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SHE’S GOT THAT GLOWIN’ FEELING: Neon Museum welcomes artist-in-residence

It would be hard to find a place more unabashedly over the top than Las Vegas.

From the height of a showgirl’s headdress to the dazzle of the neon Strip, the city prides itself on being extra fabulous.

This flamboyance is part of what drew L.A.-based artist Julie Henson to town.

Henson, the Neon Museum’s 2019 national artist-in-residence, has long been interested in theatrics and “the kind of over-the-top personalities that go into who we select as public figures, pop stars” and other performers.

Her work — sculptures, videos and installations — often features elements commonplace in Vegas: wigs, feathers, sequins, stage lights.

“I’ve long been fascinated with Las Vegas,” she says. “A lot of my work has to do with myths and shared beliefs through the lens of performers and audiences, so a major interest for me was to understand how Las Vegas functions on that level.”

Julie Henson, Neon Museum artist in residence 2019. (Courtesy Julie Henson)

Julie Henson, Neon Museum artist in residence 2019. (Courtesy Julie Henson)

Another draw, of course, was the residency itself, which brings a working artist to the nonprofit museum for eight weeks each summer and provides lodging in a downtown apartment, studio space, a stipend and travel allowance. (This year’s residency runs from June 26 through Aug. 21.)

An even more attractive benefit is the freedom to focus on creative work.

“Time and space to work is something that artists struggle to find,” Henson says. “The fact that (the residency) offers two months of uninterrupted time to work is a really spectacular opportunity.”

Now in its fourth year, the Neon Museum residency, funded in part by the National Endowment for the Arts, also builds in benefits for locals. It features opportunities to interact with and learn from the resident artist, along with a public-engagement project.

Cynthia Behr Warso, the Downtown museum’s director of curation and education, says the residency brings in artists who want to connect with the community, rather than simply concentrate on their own artistic development. This helps build the museum’s audiences.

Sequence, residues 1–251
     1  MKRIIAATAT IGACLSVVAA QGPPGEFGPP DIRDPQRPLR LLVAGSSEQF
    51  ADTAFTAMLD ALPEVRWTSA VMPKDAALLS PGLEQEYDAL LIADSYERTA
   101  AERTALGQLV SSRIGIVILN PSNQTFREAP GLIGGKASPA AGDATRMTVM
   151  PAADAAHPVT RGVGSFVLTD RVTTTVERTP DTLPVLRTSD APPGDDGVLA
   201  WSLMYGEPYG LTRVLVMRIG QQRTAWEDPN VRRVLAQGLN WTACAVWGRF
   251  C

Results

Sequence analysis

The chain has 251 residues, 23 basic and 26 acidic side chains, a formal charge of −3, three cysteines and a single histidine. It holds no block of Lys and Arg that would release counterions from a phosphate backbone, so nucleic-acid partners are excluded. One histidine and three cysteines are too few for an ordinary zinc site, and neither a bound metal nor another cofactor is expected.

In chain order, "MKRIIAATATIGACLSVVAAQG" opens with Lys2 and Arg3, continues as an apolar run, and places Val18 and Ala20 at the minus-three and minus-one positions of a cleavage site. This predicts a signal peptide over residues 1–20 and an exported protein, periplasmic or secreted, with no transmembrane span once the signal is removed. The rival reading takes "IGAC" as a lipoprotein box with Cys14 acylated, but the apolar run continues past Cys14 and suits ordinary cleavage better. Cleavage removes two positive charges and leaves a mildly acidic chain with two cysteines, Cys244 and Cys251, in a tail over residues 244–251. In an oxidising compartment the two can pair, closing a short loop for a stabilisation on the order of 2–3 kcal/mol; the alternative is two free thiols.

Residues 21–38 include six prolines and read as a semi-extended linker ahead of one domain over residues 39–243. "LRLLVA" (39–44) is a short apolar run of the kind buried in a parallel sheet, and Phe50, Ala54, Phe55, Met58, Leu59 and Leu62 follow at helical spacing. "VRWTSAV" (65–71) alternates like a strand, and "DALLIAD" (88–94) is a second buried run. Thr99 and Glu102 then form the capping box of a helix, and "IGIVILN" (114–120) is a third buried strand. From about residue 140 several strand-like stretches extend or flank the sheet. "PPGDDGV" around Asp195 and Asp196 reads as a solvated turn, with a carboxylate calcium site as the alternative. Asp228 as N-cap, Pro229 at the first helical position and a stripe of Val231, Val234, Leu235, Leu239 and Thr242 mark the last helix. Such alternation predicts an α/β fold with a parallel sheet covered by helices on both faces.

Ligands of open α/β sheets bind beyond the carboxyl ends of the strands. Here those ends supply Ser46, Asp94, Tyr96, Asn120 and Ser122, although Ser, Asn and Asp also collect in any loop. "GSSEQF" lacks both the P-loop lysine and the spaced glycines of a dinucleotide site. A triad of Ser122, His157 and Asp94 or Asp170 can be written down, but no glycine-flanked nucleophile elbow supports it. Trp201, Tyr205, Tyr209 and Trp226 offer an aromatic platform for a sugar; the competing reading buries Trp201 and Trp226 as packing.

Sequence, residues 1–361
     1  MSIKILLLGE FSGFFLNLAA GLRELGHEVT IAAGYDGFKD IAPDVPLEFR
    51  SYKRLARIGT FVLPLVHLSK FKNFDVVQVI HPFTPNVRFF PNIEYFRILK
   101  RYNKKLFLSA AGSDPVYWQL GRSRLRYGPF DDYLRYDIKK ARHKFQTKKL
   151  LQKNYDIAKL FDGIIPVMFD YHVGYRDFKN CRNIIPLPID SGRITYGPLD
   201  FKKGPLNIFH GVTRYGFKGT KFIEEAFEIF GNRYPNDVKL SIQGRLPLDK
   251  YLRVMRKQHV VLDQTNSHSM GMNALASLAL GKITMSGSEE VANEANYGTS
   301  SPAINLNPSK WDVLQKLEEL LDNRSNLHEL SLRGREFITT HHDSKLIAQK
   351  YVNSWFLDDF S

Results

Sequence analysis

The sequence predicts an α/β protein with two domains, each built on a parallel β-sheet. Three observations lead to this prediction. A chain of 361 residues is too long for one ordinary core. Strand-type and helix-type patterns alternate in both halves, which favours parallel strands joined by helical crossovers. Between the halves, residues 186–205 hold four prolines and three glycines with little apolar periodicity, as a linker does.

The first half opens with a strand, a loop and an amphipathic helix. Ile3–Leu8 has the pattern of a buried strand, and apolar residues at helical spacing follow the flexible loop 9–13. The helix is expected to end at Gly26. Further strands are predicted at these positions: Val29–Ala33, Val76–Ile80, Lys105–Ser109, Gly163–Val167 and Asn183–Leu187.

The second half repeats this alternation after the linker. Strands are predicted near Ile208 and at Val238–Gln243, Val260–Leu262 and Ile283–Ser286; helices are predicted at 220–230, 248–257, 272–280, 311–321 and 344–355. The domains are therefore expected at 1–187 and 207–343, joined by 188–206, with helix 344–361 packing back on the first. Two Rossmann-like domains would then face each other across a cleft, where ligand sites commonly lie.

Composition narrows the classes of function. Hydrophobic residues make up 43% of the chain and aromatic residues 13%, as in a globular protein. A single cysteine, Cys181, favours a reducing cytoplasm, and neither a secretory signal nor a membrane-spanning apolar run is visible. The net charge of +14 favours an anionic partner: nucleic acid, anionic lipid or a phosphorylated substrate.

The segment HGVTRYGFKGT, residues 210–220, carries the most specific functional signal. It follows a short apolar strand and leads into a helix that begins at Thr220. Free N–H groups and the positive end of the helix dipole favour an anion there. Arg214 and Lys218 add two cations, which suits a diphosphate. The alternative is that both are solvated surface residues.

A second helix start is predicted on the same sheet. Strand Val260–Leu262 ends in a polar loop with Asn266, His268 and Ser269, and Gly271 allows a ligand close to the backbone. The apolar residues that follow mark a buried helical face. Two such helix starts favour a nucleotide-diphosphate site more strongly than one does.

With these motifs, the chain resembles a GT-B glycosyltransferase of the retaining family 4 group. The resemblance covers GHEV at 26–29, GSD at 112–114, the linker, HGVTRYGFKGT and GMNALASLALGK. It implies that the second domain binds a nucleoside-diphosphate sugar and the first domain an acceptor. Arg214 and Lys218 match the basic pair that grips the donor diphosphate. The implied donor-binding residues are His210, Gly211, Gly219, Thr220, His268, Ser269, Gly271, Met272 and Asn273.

“We really focus heavily on the audience-engagement component,” Warso says.

Henson notes that she appreciates this focus because she enjoys “having conversations about work and what people are seeing. My work directly engages with pop culture, and it creates an opportunity to talk about the things that we experience every day but don’t necessarily put language to,” she says. “That’s really exciting to me.”

Henson stood out among 82 residency applicants in part because she incorporates sculpture, digital technology and graphic design into her work, Behr Warso says. That seemed a natural fit for the Neon Museum, which is dedicated to collecting, preserving, studying and exhibiting iconic Las Vegas signs.

“She has a great affinity for what we do here,” Warso says. “We educate people through the stories of signs.”

Henson plans to spend her Las Vegas time investigating the ways in which myth and narrative are employed in signage to express desire, risk, luck and fortune. As she explains:  

“From an outsider’s perspective, there is this tradition (in Las Vegas) of gambling and winning it all and becoming something that you aren’t. That rags-to-riches story is so pervasive in our daily lives, and I think Las Vegas is an emblem of that idea.”

She also plans to create works based on the signage in the museum’s collection and around the city, perhaps “soft” sculptures that “take these really hard-edged, bright signs and boil them down to essential elements.” Her idea is to sew these sculptures out of fabric “so they’ll flow and be more malleable than the original signs.”

Henson, 36, first became intrigued by theatrics as a child growing up in a “super-religious family” in Charleston, South Carolina.

“I grew up going to a megachurch in the South,” she recalls. “My early experiences were over-the-top” performances associated with religion. “In a lot of ways, that feeds my interpretation of other types of performers and the ways we build shared beliefs and narratives as a culture. As humans, we love to suspend disbelief and go along with things.”

While Henson has maintained this interest over more than a decade living in California, she has by now mostly lost her Southern accent. “I always say, ‘Give me a drink or two and it shows up.’”

 

Meet the Artists events:

What: Artist talk and community mixer

When: July 11 @ 7 p.m.

Where: The Writer’s Block @ The Lucy, 519 S. 6th St., Las Vegas

 

What: Artist Open House

When: Aug. 16 @ 6 p.m.

Where: Ne10 Studio, 1001. W. Bonanza Road, Las Vegas

For more information, visit www.neonmuseum.org/education/artists-in-residence/julie-henson or www.neonmuseum.org.


To offer feedback on this story or suggestions for future stories on Las Vegas Newswire, contact Managing Editor Steve Bornfeld at SBornfeld@lvcva.com.

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